Students with articulation goals were practicing their target sounds in words, phrases, or sentences before gluing on each picture.

When we were done with the pictures, we had fun adding ribbon and glitter! This also provided excellent language opportunities for my kiddos to describe colors, shapes, make requests, and take turns. We had a blast!

Abby wears grey mittens, but is not impressed with the touch-screen compatible variety. What color are yours?

January 07, 2014

2014 Goals

What are your professional and personal goals for 2014?

I debated setting New Year's Resolutions this year because, like most people (I think), I'm not very good about keeping them through the year. (Case in point: I've had the same quilt I've been working on for, um, 8 years now?) The more I thought about it, though, the more I realized there were definite ways I'd like to improve various aspects of my personal and professional life in 2014. After some time reflecting on these goals this week, here's what I've come up with:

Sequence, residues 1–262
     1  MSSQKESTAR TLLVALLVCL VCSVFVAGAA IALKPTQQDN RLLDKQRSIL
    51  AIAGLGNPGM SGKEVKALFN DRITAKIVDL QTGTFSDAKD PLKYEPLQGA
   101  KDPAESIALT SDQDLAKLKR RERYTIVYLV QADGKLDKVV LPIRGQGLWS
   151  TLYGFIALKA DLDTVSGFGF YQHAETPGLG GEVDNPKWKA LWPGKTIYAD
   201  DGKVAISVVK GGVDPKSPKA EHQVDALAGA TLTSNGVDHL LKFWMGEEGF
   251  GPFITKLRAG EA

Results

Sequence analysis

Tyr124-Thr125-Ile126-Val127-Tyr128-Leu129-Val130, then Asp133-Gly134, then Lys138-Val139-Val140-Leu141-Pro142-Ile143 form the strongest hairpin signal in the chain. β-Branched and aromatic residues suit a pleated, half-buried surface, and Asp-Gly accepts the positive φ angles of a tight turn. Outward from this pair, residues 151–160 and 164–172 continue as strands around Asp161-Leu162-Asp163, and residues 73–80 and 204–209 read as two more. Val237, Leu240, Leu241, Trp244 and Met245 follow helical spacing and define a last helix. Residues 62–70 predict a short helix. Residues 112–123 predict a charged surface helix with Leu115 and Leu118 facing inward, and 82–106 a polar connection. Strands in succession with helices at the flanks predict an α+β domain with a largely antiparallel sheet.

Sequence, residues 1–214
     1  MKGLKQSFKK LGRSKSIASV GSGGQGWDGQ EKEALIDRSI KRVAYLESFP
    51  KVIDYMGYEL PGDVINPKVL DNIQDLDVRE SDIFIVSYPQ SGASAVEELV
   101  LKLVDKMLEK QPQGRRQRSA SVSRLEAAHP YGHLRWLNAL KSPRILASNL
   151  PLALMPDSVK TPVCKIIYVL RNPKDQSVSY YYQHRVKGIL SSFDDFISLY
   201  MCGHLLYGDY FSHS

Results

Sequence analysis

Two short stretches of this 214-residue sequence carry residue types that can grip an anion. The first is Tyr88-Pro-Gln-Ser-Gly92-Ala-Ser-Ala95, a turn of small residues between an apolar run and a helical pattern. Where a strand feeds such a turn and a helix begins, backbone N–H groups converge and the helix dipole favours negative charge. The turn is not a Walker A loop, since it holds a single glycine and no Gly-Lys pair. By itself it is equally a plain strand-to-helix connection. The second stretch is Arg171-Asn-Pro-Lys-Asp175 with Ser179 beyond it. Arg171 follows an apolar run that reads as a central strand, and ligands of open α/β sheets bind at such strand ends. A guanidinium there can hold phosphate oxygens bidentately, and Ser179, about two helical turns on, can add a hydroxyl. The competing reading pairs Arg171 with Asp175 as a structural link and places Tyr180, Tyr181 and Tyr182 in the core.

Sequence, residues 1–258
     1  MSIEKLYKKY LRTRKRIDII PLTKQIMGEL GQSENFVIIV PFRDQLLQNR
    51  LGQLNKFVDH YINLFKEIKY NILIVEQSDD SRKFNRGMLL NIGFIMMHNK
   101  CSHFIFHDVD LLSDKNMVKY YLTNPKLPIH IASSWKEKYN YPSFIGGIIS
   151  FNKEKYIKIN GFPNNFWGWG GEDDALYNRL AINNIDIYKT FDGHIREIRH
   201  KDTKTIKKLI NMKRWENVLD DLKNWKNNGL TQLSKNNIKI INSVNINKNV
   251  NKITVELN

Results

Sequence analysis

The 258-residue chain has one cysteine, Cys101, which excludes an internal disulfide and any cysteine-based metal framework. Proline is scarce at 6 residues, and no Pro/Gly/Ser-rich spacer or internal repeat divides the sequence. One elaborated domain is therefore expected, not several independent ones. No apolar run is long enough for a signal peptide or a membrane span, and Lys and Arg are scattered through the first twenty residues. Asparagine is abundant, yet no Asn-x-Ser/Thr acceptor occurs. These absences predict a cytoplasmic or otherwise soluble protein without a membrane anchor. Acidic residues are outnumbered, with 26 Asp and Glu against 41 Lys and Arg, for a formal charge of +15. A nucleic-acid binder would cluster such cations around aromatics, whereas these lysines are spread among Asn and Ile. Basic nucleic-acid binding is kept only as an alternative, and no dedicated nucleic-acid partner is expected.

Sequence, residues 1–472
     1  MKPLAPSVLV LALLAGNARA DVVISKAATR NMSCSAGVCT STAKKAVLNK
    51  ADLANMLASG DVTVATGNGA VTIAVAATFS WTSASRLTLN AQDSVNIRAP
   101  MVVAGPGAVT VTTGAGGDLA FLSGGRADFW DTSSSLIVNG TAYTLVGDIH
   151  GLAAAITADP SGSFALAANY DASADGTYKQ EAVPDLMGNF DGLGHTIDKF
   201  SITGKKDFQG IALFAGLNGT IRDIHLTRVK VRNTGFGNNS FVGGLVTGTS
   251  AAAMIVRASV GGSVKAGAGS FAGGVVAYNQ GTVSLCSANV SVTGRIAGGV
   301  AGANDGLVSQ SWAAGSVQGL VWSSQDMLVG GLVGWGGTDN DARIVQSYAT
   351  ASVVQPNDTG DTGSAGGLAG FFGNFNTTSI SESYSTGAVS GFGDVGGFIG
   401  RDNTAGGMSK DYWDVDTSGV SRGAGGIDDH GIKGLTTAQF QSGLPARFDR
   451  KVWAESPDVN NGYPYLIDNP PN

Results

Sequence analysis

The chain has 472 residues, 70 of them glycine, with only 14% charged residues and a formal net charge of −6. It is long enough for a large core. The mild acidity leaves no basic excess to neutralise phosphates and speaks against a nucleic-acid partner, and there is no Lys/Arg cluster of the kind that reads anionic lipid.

graphics credits: Graphics From the Pond

Personal Goal: Procrastinate Less
I'm a huuuuuuge procrastinator and always have been! In college and grad school, I found that I would strive when deadlines were looming and I could maintain the most focus when time was short and I didn't have any other option! However, now as a working professional I'm sick of it and I'm going to do my best to change!

SLP Goal: More Timely Paperwork
This goes along with my personal goal. No more finishing progress reports in between parent/teacher conferences or printing out student graphs as I walk into an IEP meeting. No more waiting until the end of each month and entering in all my data into student graphs at once! No more waiting until the night before a meeting to write an evaluation report!